University investigates possible missile defense study cover-up

Massachusetts Institute of Technology officials are investigating allegations that a federally supported laboratory at the school covered up evidence critical of the prospective U.S. missile defense system, the The New York Times reported Thursday.

The university is looking into a 1998 report that cleared military contractor TRW of falsifying missile sensor test data. The report was completed under the auspices of the Lincoln Laboratory, MIT's chief recipient of U.S. government funding, the Times reported.

"Potentially, this is the most serious fraud that we've seen at a great American university," said Theodore Postol, the MIT physicist who first made the allegations of impropriety almost two years ago.

The case follows the allegations of Nira Schwartz, a senior engineer at TRW in 1995 and 1996, who said the contractor had faked missile defense sensor test results for ground-based hit-to-kill technology. The Lincoln Laboratory oversaw a federally funded report that exonerated TRW but Postol has insisted that the conclusions of the Lincoln investigation are "false and unsupported."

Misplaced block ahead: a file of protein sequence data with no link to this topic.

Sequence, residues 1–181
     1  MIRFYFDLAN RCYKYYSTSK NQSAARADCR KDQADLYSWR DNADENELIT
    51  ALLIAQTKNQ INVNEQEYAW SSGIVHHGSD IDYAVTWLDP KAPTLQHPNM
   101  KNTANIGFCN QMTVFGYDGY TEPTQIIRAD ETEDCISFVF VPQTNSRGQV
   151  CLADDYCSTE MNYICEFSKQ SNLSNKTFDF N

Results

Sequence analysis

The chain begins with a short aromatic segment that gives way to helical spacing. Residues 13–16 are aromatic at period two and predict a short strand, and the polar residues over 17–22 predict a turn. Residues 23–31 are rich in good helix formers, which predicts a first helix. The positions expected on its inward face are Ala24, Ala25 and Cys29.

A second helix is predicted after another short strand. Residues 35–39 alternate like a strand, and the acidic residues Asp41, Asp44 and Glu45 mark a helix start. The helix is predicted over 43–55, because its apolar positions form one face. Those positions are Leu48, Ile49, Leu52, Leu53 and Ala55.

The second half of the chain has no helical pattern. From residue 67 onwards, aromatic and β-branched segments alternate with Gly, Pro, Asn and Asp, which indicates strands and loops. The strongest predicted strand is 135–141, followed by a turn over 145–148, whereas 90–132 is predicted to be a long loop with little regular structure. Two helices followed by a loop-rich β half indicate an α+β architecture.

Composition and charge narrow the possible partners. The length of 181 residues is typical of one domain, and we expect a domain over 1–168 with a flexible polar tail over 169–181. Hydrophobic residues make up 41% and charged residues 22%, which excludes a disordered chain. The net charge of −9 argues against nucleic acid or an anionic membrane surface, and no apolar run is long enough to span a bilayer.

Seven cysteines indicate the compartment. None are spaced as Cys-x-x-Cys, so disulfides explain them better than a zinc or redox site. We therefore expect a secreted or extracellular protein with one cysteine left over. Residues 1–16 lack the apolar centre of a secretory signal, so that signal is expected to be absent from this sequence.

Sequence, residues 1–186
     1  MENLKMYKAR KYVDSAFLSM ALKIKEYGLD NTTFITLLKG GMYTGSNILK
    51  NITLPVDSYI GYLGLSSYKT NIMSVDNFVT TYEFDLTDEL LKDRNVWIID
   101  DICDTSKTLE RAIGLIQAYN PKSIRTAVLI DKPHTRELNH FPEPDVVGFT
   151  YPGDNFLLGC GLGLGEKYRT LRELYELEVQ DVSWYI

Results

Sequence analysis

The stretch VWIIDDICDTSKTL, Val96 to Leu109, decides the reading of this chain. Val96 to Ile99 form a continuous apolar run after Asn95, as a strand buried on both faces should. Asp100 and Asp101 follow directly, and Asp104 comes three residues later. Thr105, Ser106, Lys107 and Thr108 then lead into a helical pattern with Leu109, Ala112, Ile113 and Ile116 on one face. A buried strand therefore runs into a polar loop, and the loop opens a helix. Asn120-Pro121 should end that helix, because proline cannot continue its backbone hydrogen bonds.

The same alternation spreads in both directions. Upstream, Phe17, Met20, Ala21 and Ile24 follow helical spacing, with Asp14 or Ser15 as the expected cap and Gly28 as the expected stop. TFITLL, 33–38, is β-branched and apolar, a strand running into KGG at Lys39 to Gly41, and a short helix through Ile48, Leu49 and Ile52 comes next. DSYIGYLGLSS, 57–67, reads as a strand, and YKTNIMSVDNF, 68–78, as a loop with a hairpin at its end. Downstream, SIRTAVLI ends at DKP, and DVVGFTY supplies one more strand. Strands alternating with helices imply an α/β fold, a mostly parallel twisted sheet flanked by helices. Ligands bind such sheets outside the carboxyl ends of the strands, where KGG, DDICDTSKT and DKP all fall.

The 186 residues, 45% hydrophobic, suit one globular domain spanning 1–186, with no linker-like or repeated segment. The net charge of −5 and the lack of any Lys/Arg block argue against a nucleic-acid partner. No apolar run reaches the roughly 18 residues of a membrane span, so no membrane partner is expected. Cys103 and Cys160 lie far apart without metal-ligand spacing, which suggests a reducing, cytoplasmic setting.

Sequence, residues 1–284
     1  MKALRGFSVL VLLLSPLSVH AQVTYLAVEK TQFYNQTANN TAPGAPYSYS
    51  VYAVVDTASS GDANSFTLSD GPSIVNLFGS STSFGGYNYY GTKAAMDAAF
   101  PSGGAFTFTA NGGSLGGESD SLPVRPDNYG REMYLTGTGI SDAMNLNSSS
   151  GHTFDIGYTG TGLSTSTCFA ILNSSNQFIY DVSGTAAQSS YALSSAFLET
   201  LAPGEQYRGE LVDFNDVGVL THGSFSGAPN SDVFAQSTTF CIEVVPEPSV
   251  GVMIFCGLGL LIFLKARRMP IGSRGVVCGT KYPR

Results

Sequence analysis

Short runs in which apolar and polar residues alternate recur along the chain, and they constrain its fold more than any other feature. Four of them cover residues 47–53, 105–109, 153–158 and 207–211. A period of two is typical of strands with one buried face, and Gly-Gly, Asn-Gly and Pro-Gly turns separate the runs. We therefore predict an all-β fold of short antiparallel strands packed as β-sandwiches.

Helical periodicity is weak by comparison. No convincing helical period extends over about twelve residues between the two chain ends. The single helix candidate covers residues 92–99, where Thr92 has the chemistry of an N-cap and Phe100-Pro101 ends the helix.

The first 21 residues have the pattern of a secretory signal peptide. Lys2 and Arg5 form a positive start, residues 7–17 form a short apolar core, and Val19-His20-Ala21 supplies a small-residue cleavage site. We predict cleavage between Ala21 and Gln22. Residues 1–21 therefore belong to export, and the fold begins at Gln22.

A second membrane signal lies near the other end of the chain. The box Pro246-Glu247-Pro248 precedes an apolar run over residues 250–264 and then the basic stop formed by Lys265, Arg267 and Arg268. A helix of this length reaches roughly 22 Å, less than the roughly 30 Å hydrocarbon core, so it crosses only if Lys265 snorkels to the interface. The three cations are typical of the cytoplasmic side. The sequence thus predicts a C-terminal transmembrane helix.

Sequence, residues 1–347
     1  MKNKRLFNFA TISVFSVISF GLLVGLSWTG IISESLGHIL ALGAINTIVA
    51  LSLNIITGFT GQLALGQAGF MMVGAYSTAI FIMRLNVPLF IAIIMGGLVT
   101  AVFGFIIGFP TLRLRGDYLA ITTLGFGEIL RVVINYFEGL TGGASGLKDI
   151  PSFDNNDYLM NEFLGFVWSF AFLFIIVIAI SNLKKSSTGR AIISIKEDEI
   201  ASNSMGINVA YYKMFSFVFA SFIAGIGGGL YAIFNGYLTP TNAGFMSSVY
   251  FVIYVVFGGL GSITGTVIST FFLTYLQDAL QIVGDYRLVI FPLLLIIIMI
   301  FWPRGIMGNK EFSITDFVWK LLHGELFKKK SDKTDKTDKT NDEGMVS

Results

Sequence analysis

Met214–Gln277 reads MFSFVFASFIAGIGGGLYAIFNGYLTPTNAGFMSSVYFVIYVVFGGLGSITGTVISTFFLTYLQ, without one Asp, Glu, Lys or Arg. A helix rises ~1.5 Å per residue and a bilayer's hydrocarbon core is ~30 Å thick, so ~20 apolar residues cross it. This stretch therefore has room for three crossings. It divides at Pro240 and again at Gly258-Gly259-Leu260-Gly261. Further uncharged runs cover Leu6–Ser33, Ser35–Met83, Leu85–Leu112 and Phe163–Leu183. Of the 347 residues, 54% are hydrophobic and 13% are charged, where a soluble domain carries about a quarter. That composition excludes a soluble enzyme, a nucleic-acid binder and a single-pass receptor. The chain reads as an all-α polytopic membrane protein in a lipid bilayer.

In early 2002, Postol faulted MIT for not following up on his complaints and ignoring a possible case of "serious scientific fraud."

Edward Crawley, head of the university's Aeronautics and Astronautics Department, initially said an investigation into the Lincoln Laboratory report was unnecessary, but in November he decided to support an inquiry and late last month Crawley recommended a full investigation.

"The bedrock principle for all research done at MIT is scientific integrity," said a statement from officials at the school. "Any allegation that there has been any deviation from that principle must be taken seriously, and that is what MIT has done in this case," the statement added.

Postol's case was supported by a February 2002 General Accounting Office study that called the TRW test results "highly misleading." The GAO report also said the Lincoln report relied on data processed by TRW, but investigators did not look into raw data from the tests, the Times reported.

"Either there's a serious problem with the GAO report, which needs to be corrected," Postol told Crawley in August, "or Lincoln Laboratory could be involved at the highest levels of management in covering up fraud," he added.

Critics have faulted Postol for his attention to the TRW situation because the contractor lost a competition for the contract to Raytheon in December 1998. The case is important because it is a rare opportunity to look at the missile defense system's feasibility, he said.

"It's absolutely relevant," Postol said. "It goes to the heart of whether this system has any chance of working. It's more relevant now than when the case first arose," he added.

MIT officials would not comment specifically on the inquiry into Lincoln Laboratory, citing confidentiality policies.

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